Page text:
Merchant finance – Fintech pushing the frontier of SME Financing

In the fourth part of our series on “How Fintech is disrupting SME and Start up Financing”, we present to you the innovative role of non-banking financial services providers in SME financing.

The foray of e-commerce platforms, payment processors, and telecom companies has changed the SME working capital financing sector. It is an ingenious practice of blending the concept of trade credit in SME lending. Merchants on ecommerce and online payment platforms are being provided working capital lines and loans by the host non-banking platform. Taking a cue, telecom companies have jumped on the bandwagon too.

How does it work?

Payment processors and e-commerce platforms have visibility on a merchant’s daily transactions. This gives them the first-hand insight to evaluate risk of default when they lend to small merchants. Credit is disbursed and repayment collected using the existing network systems integrated with the merchant’s. Repayment can be directly out of the merchant’s revenue.

How does it benefit the SME borrower?

The processing is quick and efficient on back of the existing contractual relationship between the merchant and the platform. It can be as speedy as a business day – the time between the application and release of funds.

Who are the key players?

  • Amazon Lending

Type: Ecommerce platforms
Founded 2012
Country US
Partners Amazon
Target group SME selling on Amazon’s platform
Evolution Phase I: US and Japan
Next phase: a business loan programme for sellers in the UK, China and six other countries
Business model Merchants chosen using an internal algorithms | Data points – frequency of stock exhaustion, product popularity, and inventory cycles.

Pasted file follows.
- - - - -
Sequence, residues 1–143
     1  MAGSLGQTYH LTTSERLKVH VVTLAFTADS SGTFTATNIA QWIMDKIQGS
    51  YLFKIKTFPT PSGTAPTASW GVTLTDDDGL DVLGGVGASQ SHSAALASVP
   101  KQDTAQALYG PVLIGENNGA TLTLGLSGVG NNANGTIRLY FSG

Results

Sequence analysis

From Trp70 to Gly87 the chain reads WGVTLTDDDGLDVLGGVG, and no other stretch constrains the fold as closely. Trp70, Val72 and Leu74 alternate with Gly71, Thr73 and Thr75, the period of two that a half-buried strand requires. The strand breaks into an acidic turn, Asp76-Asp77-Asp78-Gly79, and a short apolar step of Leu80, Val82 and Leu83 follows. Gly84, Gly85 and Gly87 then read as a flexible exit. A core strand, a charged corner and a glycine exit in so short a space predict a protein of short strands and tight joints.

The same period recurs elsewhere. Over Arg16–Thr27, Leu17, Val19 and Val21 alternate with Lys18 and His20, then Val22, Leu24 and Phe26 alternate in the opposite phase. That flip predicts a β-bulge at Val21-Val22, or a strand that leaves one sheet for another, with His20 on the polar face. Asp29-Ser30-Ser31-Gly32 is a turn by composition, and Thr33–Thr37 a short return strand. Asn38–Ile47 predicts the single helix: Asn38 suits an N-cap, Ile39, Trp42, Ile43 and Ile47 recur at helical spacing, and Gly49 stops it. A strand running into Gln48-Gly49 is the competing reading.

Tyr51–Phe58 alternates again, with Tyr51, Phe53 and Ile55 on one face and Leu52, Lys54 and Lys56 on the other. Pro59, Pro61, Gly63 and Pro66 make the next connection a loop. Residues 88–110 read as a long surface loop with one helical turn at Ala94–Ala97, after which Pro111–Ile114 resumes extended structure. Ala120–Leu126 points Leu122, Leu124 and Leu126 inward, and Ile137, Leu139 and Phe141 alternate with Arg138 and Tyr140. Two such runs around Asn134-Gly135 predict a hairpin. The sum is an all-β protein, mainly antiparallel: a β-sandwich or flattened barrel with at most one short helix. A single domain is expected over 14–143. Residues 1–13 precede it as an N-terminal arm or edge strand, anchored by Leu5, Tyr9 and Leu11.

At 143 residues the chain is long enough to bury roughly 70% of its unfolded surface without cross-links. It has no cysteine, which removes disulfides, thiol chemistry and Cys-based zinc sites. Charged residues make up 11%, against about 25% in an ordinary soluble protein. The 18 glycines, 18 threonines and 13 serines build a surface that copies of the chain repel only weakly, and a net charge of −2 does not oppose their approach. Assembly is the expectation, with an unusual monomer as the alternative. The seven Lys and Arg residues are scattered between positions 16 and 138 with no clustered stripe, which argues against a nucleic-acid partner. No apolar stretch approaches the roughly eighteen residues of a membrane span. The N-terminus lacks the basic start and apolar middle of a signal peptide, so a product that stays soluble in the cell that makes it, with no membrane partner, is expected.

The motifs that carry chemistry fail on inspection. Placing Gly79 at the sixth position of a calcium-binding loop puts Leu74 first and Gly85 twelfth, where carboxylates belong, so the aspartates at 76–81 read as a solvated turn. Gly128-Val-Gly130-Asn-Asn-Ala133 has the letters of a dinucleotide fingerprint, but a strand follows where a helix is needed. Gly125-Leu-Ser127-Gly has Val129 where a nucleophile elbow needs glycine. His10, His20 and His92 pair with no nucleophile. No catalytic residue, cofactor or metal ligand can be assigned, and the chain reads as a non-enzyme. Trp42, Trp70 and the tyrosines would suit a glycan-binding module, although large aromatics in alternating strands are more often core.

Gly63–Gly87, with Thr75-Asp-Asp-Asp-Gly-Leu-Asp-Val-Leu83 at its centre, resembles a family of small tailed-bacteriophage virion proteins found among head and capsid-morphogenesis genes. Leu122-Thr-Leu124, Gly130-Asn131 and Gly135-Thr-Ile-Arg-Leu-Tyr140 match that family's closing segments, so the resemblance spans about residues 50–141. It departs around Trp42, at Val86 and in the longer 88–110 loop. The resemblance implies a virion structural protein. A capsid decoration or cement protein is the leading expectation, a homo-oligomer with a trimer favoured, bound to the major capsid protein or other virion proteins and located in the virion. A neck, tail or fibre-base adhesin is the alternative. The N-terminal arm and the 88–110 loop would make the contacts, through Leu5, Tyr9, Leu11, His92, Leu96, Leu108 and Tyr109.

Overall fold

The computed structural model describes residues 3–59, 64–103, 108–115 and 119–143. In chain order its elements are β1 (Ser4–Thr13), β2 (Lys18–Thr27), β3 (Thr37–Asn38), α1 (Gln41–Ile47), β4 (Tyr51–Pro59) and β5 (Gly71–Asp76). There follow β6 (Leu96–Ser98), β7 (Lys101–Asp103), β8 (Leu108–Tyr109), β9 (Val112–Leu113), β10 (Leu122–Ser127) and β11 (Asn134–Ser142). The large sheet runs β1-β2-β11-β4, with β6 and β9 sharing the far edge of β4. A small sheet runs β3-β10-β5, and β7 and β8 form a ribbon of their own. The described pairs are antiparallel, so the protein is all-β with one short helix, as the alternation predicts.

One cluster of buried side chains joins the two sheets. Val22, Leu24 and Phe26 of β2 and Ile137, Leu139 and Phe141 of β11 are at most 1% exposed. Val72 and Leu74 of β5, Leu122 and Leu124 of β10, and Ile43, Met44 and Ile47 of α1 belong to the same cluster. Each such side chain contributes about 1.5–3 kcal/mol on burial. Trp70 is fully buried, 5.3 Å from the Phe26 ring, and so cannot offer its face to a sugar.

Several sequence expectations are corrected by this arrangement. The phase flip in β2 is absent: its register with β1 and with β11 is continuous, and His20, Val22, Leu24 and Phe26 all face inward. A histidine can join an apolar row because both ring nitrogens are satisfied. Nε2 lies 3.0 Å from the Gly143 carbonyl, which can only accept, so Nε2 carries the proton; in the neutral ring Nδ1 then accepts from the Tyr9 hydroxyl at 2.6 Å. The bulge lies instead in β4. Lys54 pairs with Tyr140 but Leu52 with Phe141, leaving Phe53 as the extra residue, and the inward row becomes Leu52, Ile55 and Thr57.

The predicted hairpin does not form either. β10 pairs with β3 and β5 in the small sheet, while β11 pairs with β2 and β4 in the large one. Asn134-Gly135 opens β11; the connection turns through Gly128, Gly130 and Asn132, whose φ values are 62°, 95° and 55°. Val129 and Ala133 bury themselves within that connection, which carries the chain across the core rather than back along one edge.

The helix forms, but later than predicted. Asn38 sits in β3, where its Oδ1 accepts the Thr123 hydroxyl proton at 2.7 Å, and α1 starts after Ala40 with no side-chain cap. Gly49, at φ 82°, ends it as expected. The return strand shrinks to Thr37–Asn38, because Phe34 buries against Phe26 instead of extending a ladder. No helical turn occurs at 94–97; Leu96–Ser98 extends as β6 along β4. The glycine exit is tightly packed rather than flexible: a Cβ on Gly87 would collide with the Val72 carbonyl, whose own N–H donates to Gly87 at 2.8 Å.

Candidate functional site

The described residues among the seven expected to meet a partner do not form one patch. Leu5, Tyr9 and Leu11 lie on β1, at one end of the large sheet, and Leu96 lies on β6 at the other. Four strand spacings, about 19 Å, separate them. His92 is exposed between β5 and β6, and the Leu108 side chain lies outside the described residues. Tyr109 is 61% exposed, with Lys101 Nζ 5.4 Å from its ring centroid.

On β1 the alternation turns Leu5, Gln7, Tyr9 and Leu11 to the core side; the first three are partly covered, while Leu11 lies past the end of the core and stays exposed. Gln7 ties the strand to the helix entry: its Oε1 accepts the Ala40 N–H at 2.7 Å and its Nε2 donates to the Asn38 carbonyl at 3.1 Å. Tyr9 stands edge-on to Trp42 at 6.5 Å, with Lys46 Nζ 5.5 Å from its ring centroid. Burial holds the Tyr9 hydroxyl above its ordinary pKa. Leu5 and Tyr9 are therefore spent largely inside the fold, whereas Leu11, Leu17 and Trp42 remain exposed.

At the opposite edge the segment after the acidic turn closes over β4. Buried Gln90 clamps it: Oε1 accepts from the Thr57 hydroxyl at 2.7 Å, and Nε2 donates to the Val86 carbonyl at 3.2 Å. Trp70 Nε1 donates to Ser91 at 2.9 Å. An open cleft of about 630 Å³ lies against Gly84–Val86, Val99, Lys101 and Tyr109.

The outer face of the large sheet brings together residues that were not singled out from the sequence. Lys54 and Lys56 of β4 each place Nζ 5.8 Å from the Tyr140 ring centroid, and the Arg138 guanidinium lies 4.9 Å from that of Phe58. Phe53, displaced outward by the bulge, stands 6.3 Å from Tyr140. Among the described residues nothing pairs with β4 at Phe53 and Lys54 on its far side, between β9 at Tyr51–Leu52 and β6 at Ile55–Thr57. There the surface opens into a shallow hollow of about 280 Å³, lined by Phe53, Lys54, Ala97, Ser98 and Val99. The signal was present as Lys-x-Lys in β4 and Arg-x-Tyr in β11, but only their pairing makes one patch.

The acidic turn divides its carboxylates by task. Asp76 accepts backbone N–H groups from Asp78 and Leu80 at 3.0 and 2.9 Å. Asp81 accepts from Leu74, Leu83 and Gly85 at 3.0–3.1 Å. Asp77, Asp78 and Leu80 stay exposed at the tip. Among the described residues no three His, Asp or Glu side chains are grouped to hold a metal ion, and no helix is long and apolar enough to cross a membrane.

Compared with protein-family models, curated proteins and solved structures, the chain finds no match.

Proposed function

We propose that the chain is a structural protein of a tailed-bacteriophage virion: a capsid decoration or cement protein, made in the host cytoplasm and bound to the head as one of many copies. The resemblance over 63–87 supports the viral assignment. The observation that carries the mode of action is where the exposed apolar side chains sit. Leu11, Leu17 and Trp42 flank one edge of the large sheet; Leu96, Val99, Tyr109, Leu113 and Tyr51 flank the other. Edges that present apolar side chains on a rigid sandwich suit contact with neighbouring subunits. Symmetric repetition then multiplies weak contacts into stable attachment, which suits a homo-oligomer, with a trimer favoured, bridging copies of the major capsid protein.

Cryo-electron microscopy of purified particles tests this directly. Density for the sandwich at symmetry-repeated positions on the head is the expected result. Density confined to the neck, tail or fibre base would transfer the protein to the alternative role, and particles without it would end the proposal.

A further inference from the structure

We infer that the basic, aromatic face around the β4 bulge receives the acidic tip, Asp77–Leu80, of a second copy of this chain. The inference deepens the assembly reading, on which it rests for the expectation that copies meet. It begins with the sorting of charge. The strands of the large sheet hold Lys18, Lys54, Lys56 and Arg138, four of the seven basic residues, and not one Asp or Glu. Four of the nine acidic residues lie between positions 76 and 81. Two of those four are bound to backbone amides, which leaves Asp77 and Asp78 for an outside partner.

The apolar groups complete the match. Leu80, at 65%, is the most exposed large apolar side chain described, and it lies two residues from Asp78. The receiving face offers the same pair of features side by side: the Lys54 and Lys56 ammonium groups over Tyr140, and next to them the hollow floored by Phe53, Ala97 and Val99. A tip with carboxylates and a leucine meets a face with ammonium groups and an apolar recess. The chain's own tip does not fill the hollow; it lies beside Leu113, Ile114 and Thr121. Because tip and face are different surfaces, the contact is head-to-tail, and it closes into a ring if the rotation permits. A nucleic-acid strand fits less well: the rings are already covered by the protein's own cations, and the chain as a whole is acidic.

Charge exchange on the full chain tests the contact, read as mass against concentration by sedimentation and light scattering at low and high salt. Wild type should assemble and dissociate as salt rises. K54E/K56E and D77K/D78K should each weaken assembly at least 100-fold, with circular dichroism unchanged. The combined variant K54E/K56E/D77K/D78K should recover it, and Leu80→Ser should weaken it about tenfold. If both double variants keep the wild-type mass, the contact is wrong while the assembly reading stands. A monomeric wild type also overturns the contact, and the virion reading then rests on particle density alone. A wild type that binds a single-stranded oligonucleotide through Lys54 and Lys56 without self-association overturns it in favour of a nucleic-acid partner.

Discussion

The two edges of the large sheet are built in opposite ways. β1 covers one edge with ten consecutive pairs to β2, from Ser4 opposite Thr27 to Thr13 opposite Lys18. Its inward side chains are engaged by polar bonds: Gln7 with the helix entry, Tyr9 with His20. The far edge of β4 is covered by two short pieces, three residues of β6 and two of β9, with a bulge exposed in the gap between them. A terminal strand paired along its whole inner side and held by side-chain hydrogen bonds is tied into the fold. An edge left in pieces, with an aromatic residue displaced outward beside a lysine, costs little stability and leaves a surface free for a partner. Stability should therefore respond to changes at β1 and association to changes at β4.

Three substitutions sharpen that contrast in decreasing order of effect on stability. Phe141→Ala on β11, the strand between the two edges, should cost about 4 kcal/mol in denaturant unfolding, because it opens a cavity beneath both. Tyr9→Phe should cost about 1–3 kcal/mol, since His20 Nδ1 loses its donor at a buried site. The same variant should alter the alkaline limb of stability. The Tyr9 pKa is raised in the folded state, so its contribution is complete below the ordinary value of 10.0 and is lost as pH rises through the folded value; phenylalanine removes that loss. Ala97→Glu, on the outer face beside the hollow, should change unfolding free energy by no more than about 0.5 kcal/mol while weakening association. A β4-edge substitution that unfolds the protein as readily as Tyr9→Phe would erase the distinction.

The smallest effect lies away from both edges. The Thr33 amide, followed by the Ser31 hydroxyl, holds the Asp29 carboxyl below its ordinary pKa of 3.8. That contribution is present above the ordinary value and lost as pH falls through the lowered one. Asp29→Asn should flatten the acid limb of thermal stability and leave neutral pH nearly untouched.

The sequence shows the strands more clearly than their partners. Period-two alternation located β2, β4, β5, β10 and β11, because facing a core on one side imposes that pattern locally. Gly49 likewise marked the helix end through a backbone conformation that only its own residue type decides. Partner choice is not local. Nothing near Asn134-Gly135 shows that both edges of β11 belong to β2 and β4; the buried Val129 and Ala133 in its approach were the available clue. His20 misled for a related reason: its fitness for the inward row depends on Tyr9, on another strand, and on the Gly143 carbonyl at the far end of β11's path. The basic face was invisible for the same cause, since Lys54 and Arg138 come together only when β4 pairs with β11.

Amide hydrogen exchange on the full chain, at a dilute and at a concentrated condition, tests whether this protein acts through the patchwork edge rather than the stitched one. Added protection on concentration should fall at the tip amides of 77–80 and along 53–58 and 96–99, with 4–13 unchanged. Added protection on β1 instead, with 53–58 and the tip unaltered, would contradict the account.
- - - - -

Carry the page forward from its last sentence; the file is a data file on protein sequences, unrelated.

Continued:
A Loan maturity of 3—6 months
Loan amount $1,000—600,000
Loan purpose Purchase inventory

  • Alipay Financial

Type: E-commerce platforms
Founded 2010
Country China
Partners Alibaba, China Construction Bank, and Industrial and Commercial Bank of China
Target group existing SME clients
Evolution Phase I: sales of goods on its Taobao marketplace
Next phase: expanded geographically and began offering a wider range of loan products.
A Loan maturity of 30 days
Loan amount <$80,000
Loan purpose Working capital

visit Alipay

  • Rakuten Card

Founded: 2013
Country: Japan
Partners: Rakuten
Target group: existing merchantsEvolution: The offering is called “Rakuten Super Business Loans”
Business model: Merchants invited to submit loan applications
Loan amount: $8,000—80,000
Loan purpose: Business expansion and flexible working capital finance

Visit Rakuten

  • PayPal

Type: Payment processors
Target group: eBay merchants using PayPal
Business model: Merchants needed to have a good track record to qualify for a loan
Loan amount: $1,000—85,000
Funds lent: $500M (May’15)

Visit Paypal

  • Square

Type: Payment processors
Target group SME
Funds lent $225 million (Apr’15)

Visit Square

  • iZettle

Type: Payment processors
Target group SME
Business model Repayments are charged as a flat fee. | Repayment is conducted in daily instalments in proportion to card sales. |Borrowers are able to borrow up to 2x their monthly sales

Visit iZettle

  • Telmex

Type: Telecom company
Target group SMEs not financed by traditional banks due to lack of credit bureau information.
Business model Credit risk assessment is based on big data analysis. | Data points – customers’ hone records.
Loan amount <$40,000
Purpose investments in tangible assets
As e-tailing gains scale, merchant financing will gain momentum. Both, the policy and consumer preference for cashless transactions and big data will be the key drivers for growth in fintech for SME  financing. New players will increase competition and bring efficiencies in the marketplace and systems. Fintech, thus, brings a compelling value in the space of SME financing.

Visit Telmex